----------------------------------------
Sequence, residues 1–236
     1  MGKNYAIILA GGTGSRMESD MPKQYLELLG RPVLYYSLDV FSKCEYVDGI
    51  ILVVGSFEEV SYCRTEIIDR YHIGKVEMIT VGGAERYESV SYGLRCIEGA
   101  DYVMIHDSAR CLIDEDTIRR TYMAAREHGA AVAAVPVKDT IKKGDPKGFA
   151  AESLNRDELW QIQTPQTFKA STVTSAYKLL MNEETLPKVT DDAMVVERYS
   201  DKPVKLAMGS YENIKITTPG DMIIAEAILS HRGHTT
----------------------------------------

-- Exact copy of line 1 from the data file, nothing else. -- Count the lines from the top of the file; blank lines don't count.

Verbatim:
Sequence, residues 1–236